Technology Enabling Transformation in the Utilities Industry

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In the midst of the current global crisis, the Utilities industry has had to continue to provide essential public services – through supply chain disruption, reduction of demand in the commercial sector, demand spikes in the consumer sector, change in peak profiles, remote staff management, cyber-attacks and so on. Robust business continuity planning and technology adoption are key to the continued success of Utilities companies. The Ecosystm Business Pulse Study which aims to find how organisations are adapting to the New Normal finds that 6 out of 10 Utilities companies are accelerating or refocusing the Digital Transformation initiatives after the COVID-19 outbreak, underpinning the industry’s need for technology adoption to remain competitive.

Drivers of Transformation in the Utilities Industry

The Evolving Energy Industry. As consumers become more energy-conscious, many are making changes in their usage pattern to stay off the grid as much as possible, potentially reducing the customer base of Utilities companies. This increases their reliance on renewable energy sources (such as solar panels and wind turbines) and batteries, forcing Power companies to diversify and leverage other energy sources such as biomass, hydropower, solar, wind, and geothermal. The challenge is further heightened by the fast depletion of fossil fuels – it is estimated that the world will have run out of fossil fuels in 60 years. The industry is also mandated by government regulations and cleaner energy pacts that focus on climate change and carbon emission – there are strict mandates around how Utilities companies produce, deliver and consume energy.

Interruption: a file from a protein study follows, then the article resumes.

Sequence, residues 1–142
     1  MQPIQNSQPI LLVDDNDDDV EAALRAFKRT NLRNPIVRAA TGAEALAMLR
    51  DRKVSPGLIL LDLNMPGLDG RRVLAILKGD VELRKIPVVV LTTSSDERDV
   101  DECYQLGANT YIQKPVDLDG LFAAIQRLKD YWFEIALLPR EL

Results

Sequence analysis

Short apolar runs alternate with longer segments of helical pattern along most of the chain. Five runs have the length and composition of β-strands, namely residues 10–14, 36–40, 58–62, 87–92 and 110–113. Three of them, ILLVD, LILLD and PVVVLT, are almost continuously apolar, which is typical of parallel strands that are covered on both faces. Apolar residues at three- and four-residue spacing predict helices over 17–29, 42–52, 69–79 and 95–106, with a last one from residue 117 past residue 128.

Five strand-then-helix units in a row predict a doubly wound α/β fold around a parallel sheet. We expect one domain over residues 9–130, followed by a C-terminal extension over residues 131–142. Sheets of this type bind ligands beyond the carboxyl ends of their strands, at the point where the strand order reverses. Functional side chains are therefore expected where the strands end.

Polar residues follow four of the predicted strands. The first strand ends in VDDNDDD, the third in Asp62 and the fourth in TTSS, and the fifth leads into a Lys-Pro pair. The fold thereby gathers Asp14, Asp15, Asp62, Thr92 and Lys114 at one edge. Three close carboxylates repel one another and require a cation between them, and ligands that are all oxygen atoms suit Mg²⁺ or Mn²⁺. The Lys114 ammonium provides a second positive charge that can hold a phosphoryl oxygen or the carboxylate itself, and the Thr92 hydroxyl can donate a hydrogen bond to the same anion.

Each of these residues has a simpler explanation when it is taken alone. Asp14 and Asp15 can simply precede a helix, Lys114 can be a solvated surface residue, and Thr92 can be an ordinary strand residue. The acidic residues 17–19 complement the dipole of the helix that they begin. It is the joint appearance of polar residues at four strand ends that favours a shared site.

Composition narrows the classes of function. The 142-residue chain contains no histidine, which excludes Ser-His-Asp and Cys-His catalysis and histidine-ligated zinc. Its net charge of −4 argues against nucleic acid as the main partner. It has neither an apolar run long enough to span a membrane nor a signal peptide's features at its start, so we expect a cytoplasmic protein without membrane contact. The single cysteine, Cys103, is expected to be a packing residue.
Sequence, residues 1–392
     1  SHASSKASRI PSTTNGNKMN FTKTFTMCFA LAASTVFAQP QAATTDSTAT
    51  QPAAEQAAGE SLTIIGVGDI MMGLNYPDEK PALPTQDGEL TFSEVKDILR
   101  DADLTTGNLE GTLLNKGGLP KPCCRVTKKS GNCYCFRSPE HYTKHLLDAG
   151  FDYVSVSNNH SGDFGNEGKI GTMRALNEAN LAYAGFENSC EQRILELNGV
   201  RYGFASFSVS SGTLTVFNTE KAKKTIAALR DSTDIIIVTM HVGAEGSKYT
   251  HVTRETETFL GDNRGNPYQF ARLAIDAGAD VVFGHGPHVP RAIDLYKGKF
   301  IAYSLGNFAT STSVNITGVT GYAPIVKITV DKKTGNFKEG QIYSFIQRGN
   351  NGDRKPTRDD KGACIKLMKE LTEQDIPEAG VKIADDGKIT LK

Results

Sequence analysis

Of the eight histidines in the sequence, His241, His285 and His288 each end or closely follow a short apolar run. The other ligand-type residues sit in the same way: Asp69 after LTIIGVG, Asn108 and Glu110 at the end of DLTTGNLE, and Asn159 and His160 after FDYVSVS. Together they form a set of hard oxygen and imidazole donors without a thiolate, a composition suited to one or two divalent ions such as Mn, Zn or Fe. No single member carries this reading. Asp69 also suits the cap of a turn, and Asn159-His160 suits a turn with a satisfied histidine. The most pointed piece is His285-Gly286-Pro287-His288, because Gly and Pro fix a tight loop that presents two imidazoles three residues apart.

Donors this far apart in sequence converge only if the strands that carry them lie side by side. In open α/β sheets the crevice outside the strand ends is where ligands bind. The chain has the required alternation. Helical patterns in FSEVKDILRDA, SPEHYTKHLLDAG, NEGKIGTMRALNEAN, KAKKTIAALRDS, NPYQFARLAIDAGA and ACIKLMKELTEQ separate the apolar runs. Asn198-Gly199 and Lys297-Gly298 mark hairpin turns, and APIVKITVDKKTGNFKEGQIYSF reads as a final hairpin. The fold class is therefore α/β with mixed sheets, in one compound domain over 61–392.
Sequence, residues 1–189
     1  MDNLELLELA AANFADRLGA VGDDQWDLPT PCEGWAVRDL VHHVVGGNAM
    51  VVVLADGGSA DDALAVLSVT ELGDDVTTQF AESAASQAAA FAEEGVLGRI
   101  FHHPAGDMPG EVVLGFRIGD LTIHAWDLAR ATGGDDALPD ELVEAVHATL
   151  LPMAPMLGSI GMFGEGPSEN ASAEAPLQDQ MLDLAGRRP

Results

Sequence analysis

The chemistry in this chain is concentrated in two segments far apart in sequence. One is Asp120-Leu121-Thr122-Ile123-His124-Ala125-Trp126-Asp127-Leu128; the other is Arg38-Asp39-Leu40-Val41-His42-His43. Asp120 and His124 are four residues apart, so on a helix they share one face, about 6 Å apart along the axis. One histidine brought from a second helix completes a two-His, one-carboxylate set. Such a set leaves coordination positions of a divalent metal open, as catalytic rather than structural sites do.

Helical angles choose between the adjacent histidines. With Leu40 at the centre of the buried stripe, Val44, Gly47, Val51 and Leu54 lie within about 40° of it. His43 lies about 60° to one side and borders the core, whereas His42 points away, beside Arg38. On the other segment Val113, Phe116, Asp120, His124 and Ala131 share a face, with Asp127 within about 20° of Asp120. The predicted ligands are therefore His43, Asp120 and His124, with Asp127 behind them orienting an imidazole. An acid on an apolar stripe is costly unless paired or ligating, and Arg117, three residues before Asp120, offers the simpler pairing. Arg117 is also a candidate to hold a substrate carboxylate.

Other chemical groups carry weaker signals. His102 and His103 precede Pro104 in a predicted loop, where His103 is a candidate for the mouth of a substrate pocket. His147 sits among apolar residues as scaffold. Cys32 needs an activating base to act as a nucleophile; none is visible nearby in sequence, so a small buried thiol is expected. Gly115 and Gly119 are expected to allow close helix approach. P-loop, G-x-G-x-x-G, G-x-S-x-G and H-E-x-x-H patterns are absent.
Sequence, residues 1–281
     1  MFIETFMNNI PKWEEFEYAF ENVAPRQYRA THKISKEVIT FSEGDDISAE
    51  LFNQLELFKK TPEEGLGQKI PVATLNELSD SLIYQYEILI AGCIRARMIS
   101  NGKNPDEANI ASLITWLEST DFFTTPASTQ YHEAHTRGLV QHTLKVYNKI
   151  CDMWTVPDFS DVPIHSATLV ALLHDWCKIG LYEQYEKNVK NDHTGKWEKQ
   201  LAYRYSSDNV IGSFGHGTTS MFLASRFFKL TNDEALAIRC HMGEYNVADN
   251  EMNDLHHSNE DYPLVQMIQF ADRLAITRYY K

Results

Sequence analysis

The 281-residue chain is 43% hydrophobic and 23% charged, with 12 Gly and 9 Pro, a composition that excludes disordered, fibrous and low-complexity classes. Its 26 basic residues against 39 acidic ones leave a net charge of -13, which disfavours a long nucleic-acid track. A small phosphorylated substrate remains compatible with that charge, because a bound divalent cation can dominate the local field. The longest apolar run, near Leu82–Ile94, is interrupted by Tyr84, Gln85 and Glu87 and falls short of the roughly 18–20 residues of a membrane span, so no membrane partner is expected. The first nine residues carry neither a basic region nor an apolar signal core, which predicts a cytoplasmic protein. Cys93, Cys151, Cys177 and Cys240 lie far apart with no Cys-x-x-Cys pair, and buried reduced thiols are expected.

Business Continuity & Disaster Management. Perhaps no other industry is as vulnerable to natural disasters as Utilities. One of the reasons why the industry has been better prepared to handle the current crisis is because their usual business requires them to have a strong focus on business continuity through natural disasters. This includes having real-time resource management systems and processes to evaluate the requirement of resources, as well as a plan for resource-sharing. There is also the danger of cyber-attacks which has been compounded recently by employees who have access to critical systems such as production and grid networks, working from home. The industry needs to focus on a multi-layered security approach, securing connections, proactively detecting threats and anomalies, and having a clearly-defined incident response process.

The Need to Upgrade Infrastructure. This has been an ongoing challenge for the industry – deciding when to upgrade ageing infrastructure to make production more efficient and to reduce the burden of ongoing maintenance costs. The industry has been one of the early adopters of IoT in its Smart Grid and Smart Meter adoption. With the availability of technology and advanced engineering products, the industry also views upgrading the infrastructure as a means to mitigate some of its other challenges such as the need to provide better customer service and business continuity planning. For example, distributed energy generation systems using ‘micro grids’ have the potential to reduce the impact of storms and other natural disasters – they can also improve efficiency and quality of service because the distance electricity travels is reduced, reducing the loss of resources.